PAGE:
• with our beagles before the season is over’ ( letter from John Lubbock, 4 August 1866 ). More
  • D. Hooker, 24 December [1866] ). When finally published in 1868, it filled two lengthy volumes, …
  • On 21 February Darwin received notification from John Murray that stocks of the third edition of  …
  • Henry Walter Batess article on mimetic butterflies, Lubbocks observations of diving Hymenoptera
  • you go on, after the startling apparition of your face at R.S. Soirèewhich I dreamed of 2 nights
  • George Henslow, the son of his Cambridge mentor, John Stevens Henslow, stayed for two days in April
  • In June, Darwin was visited by the orchid specialist John Traherne Moggridge, whose work on the self
  • so you are in for it’ ( letter from H. E. Darwin, [  c . 10 May 1866] ). Henriettas
  • teleological development ( see for example, letter to C. W. Nägeli, 12 June [1866] ). Also in
  • common broom ( Cytisus scoparius ) and the white broom ( C. multiflorus ) in his botanical
  • and June on the subject of  Rhamnus catharticus  (now  R. cathartica ). Darwin had become
  • of separate sexes. William gathered numerous specimens of  R. catharticus , the only species of  …
  • replied with a modified list, adding Fritz Müllers  Für Darwin , and a recent fossil discovery in
  • selection, and with special creation ( letter from W. R. Grove, 31 August 1866 ). Hooker later
  • indeed at poor Susans loneliness’ ( letter from E. C. Langton to Emma and Charles Darwin, [6 and 7

Darwin in letters, 1863: Quarrels at home, honours abroad

Summary

At the start of 1863, Charles Darwin was actively working on the manuscript of The variation of animals and plants under domestication, anticipating with excitement the construction of a hothouse to accommodate his increasingly varied botanical experiments…

Matches: 26 hits

  • At the start of 1863, Charles Darwin was actively working on the manuscript of  The variation of
  • markedly, reflecting a decline in his already weak health. Darwin then began punctuating letters
  • am languid & bedeviled … & hate everybody’. Although Darwin did continue his botanical
  • letter-writing dwindled considerably. The correspondence and Darwins scientific work diminished
  • of the water-cure. The treatment was not effective and Darwin remained ill for the rest of the year. …
  • the correspondence from the year. These letters illustrate Darwins preoccupation with the
  • to mans place in nature  both had a direct bearing on Darwins species theory and on the problem
  • detailed anatomical similarities between humans and apes, Darwin was full of praise. He especially
  • in expressing any judgment on Species or origin of man’. Darwins concern about the popular
  • Lyells and Huxleys books. Three years earlier Darwin had predicted that Lyells forthcoming
  • first half of 1863 focused attention even more closely on Darwins arguments for species change. …
  • sentence from the second edition of  Antiquity of man  (C. Lyell 1863b, p. 469), published in
  • were himself, Hooker, Huxley, Alfred Russel Wallace, and John Lubbock. Honours abroad
  • of the Royal Society ( see letter from Edward Sabine to John Phillips, 12 November 1863 ). …
  • year with the Hertfordshire nurseryman Thomas Rivers. John Scott Darwin had found a
  • of hybridity and sterility at the end of the previous year. John Scott, a gardener at the Royal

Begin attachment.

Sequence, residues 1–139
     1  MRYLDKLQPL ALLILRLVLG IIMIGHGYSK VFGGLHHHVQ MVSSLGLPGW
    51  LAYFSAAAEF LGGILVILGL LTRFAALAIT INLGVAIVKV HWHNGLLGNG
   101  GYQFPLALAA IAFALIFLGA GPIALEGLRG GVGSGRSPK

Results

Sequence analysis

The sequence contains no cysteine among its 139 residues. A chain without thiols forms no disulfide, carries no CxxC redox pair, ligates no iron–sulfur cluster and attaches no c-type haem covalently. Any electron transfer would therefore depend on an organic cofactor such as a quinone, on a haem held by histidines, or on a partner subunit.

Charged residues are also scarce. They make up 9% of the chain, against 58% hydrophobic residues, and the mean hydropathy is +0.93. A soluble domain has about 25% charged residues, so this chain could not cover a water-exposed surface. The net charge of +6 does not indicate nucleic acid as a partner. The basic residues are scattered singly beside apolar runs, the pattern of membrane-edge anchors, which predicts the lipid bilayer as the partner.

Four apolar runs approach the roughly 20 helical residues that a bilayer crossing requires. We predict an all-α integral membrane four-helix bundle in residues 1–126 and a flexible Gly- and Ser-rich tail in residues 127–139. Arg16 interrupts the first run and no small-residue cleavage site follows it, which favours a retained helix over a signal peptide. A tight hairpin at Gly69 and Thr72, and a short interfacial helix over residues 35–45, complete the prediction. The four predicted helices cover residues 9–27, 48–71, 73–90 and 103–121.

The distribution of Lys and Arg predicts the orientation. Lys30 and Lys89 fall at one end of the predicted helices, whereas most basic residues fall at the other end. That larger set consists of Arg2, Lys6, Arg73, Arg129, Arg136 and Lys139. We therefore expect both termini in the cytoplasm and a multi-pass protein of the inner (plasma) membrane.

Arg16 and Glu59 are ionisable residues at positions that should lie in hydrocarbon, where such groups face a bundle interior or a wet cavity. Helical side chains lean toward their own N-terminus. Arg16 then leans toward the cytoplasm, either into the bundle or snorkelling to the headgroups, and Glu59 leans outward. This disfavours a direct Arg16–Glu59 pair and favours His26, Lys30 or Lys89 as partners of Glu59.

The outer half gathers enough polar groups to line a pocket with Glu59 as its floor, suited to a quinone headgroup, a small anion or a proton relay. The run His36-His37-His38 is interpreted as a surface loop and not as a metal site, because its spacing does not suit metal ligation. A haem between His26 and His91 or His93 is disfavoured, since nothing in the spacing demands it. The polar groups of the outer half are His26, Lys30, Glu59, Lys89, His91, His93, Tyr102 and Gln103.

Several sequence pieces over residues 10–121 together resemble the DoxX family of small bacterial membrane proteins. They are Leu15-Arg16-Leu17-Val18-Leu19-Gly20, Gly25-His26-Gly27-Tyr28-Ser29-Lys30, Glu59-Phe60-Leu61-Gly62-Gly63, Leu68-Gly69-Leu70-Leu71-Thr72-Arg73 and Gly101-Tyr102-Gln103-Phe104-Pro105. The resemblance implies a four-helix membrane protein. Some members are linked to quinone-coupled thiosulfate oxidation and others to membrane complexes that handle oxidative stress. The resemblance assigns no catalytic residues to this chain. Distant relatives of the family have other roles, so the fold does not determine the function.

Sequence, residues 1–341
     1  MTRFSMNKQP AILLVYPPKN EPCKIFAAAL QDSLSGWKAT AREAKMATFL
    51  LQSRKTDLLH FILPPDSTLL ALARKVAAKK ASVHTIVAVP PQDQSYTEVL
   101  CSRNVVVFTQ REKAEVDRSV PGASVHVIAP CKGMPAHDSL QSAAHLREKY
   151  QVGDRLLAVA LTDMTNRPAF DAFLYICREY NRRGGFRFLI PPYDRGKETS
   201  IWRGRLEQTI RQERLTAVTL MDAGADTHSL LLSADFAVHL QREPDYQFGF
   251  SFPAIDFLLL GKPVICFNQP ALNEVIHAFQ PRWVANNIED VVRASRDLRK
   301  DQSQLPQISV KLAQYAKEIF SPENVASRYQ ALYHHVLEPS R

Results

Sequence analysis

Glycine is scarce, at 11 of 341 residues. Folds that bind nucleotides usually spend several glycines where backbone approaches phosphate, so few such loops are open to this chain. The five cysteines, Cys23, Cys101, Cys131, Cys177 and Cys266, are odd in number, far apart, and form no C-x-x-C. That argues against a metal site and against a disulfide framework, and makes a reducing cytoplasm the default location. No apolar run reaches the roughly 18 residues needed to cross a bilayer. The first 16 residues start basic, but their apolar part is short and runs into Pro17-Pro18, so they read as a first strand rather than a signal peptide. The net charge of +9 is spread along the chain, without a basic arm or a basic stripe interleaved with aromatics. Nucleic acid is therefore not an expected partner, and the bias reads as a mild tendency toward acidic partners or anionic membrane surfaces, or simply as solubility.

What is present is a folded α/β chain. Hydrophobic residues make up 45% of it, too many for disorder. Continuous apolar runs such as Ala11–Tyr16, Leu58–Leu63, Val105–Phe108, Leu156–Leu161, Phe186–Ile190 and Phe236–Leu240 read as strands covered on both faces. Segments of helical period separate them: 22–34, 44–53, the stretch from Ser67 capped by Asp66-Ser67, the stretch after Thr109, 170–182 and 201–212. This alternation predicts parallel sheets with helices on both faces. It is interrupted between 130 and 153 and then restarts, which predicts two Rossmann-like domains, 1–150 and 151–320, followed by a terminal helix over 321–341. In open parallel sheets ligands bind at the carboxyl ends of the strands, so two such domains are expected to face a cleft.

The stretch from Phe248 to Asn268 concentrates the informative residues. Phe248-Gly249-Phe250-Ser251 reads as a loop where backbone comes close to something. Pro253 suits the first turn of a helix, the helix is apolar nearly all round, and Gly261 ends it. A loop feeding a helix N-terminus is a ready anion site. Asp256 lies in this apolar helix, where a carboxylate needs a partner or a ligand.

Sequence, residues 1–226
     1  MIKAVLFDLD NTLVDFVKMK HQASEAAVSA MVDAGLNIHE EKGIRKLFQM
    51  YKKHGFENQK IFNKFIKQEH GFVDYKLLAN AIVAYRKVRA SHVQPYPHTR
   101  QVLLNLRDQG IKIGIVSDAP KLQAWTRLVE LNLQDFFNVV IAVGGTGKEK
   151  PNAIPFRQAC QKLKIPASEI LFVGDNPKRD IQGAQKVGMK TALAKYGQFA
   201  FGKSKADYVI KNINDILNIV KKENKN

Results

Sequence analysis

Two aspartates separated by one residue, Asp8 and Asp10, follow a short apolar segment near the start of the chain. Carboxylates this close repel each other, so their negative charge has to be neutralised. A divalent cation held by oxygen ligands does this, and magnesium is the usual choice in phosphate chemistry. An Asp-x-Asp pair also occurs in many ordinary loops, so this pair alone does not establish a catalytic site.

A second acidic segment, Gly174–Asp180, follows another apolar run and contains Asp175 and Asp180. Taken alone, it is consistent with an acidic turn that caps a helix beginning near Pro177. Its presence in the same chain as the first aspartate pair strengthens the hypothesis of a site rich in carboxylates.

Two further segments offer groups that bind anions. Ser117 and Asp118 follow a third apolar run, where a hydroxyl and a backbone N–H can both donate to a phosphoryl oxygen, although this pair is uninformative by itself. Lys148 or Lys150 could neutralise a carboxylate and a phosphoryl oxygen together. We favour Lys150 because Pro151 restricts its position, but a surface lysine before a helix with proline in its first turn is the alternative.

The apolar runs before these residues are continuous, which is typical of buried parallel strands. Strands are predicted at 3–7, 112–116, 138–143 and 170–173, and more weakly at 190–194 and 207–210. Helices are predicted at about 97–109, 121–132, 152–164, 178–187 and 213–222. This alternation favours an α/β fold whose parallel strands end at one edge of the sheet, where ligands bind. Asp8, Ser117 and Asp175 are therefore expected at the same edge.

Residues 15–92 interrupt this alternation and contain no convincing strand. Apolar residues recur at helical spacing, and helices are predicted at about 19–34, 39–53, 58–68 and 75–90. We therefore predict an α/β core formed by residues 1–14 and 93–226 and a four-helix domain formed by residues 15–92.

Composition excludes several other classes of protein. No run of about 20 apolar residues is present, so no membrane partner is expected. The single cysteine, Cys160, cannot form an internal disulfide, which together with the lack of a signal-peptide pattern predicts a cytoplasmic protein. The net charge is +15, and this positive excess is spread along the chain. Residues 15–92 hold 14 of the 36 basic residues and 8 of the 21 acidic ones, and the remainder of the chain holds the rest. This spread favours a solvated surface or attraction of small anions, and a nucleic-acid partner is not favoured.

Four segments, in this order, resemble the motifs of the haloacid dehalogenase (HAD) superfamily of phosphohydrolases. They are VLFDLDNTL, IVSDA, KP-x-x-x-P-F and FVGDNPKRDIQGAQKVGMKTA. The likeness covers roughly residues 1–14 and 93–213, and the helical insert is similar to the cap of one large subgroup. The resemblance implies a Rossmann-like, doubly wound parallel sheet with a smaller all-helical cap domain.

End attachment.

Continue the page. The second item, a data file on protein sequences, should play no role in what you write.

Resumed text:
• Primula  crosses, the results of which were published in 1868 ( see letter to John Scott, 25 and
  • hoped would counteract Huxleys criticism ( letter from John Scott, 23 July [1863] ). Darwin
  • Darwin had also encouraged him to write ( see letter to John Scott, 12 April [1863] ). In this
  • that your paper will have permanent value’ ( letter to John Scott, 31 May [1863] ). Scott received
  • theOriginis not at all palatable!’ ( letter from John Scott, [3 June 1863] ). Darwins
  • a position offered in Darjeeling, India ( see letter from John Scott, 22 May 1863 , and letter
  • 1860; it continued to capture his attention ( see letter to John Scott, 12 April [1863] ). …
  • months. However, the two-volume work was not published until 1868. Roping in the family
  • very slowly recovering, but am very weak’ ( letter to A. R. Wallace, [29 September? 1863] ). …
  • Thomass Hospital, London ( letter from George Busk, [ c. 27 August 1863] ). Brinton, who

Darwin and the Church

Summary

The story of Charles Darwin’s involvement with the church is one that is told far too rarely. It shows another side of the man who is more often remembered for his personal struggles with faith, or for his role in large-scale controversies over the…

Matches: 20 hits

  • The story of Charles Darwins involvement with the church is one that is told far too rarely. It
  • unique window into this complicated relationship throughout Darwins life, as it reveals his
  • belief (and doubt) than many non-conformist denominations. Darwins parents attended a Unitarian
  • the necessary studies to be a clergyman. During Darwins lifetime, the vast majority of the
  • income was essential to enjoy a gentlemanly lifestyle. For Darwin, who could rely on the financial
  • compatible with the pursuit of scientific interests. Indeed, Darwins Cambridge mentorJohn Stevens
  • … (Blackwoods Edinburgh Magazine (1887): 321). Darwin started on his journey around the world
  • it even through a grove of Palms.—’ (letter to Caroline Darwin, 256 April [1832] ). Darwins
  • Museum or some other learned place’ (letter from E. A. Darwin, 18 August [1832] ). Writing to Fox
  • the work of Non-conformist preachers in the village. John Brodie Innes Many of the
  • Innes, [8 May 1848] and n. 2). Darwin praised Innes to John William Lubbock, the principal
  • a cow and a red deer (letter from J. B. Innes, 7 December 1868 ). Innes had a tendency to tease
  • he left behind (letter from S. J. OH. Horsman, 2 June [1868] ). Among the reasons justifying his